I love making useful things out of proper rubbish that would otherwise end up in the garbage or recycling bin. This DIY Footstool is one of those projects.
I used a large empty plastic tub (previously used for Epsom Bath Salts), lots of fabric trimmings, and a William Morris Fabric Remnant to make a functional footstool to match with my living room decor.
Total cost? About £8 for the fabric remnant, everything else was upcycled and would have otherwise been thrown out.
DIY Footstool: Materials Used
- Empty Plastic Tub with lid (mine previously held 5kg of Epsom Salts)
- William Morris Fabric Remnant
- Leftover fabric piping (optional)
- Leftover quilt batting (sometimes called wadding)
- Fabric scraps and trimmings from my thread catcher bin.
- Craft Glue
Step 1: Attach Quilt Batting to the Outside of the Plastic Tub
Above is the tub I started with. It was a 5kg container of Epsom Salts.
I removed the handle first of all just by popping it out of the slots it was attached by. I might use the handle for another project in due course!
Once that was done, the first proper step in my DIY Footstool project was to give my large plastic tub a bit more of a padded look by attaching some leftover strips of quilt batting to the outside of it.
These leftover batting strips are basically the bits you cut off after you’ve quilted a quilt and before you but on the binding.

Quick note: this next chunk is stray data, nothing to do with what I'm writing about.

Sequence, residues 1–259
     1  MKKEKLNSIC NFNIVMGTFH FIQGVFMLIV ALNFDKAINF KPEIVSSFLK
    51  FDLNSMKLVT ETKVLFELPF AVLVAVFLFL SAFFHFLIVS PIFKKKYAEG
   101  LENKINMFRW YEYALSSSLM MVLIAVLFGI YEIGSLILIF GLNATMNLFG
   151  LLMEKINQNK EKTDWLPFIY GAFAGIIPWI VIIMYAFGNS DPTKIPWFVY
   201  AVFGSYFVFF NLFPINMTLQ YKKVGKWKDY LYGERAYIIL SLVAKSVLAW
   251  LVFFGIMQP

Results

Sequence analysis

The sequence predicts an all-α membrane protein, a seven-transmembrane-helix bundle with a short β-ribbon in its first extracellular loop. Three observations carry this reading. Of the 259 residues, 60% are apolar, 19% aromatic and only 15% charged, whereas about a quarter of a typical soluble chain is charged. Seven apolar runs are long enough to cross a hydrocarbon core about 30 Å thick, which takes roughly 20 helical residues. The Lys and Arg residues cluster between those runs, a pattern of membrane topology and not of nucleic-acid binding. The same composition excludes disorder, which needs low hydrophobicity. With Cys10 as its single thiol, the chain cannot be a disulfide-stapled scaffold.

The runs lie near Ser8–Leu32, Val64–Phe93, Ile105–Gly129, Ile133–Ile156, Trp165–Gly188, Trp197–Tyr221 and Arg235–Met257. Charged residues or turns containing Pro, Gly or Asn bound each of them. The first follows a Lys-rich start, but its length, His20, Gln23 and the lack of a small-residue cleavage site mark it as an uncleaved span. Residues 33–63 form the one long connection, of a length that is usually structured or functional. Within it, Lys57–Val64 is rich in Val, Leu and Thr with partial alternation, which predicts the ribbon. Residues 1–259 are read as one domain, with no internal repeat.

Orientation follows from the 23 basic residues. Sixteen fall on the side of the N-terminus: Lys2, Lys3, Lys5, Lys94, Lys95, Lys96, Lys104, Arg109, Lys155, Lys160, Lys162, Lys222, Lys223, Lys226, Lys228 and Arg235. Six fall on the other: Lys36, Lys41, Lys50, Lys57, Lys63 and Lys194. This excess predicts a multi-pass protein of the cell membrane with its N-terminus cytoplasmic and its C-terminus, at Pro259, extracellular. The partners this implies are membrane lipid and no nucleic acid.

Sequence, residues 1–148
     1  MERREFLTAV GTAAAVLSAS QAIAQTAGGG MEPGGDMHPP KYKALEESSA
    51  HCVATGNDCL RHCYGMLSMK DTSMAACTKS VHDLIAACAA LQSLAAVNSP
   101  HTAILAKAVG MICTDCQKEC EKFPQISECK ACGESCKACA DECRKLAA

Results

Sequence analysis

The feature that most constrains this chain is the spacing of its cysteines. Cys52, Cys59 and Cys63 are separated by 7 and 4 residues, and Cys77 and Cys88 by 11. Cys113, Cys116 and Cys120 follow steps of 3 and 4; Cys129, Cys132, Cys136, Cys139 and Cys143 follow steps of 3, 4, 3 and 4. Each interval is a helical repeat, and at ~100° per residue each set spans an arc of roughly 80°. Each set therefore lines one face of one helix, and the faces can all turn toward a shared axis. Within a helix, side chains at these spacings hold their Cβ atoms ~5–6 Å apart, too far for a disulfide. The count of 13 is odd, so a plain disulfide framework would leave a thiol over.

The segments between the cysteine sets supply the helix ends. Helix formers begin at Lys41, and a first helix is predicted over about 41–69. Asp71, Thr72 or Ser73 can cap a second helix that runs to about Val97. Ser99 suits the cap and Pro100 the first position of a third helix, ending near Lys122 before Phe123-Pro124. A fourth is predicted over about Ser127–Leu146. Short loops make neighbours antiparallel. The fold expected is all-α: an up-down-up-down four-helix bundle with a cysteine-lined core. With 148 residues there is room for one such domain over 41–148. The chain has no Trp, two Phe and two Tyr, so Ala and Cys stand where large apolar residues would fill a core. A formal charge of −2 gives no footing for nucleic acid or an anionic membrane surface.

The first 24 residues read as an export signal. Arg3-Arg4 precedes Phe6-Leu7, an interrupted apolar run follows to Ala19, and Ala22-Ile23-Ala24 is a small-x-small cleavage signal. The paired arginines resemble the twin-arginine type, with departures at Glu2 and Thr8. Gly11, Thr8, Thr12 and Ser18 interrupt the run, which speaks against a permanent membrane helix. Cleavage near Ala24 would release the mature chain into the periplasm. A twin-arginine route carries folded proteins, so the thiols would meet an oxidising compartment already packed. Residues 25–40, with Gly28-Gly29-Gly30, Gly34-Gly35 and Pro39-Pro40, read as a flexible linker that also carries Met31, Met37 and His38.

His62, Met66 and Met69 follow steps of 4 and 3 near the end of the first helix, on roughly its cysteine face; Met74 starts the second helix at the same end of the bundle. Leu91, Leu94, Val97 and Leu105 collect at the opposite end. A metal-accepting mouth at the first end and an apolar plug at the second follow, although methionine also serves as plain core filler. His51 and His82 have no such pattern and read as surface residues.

To attach them I used some regular craft glue on the outside of the tub, around the sides and on the lid, and pressed the batting down firmly.
I attached the batting on the lid and the batting on the sides in separate steps rather than all at once as I hadn’t filled my tub up yet (see Step 2).
I used 3 or 4 layers of this leftover batting. After the first layer I didn’t need to keep using the glue as batting kind of sticks to other batting naturally so I just pressed it down firmly to hold it in place until I put the cover on.
Step 2: Fill your Plastic Tub
Next you want to give your footstool a bit of weight so it actually feels sturdy enough to rest your feet on!
You could fill yours with any manner of unwanted items from old clothes to towels or even rocks if you want it to be really heavy!
I used a whole bunch of fabric trimmings from all my recent sewing projects as my footstool filling. My filling included bits of thread, thin slivers of fabric from squaring up and even bits of old jeans and men’s shirts from some of my other upcycling projects.
I filled it as full and as densely as I could before putting the lid back on the tub.
Step 3: Cutting Fabric for your Footstool Cover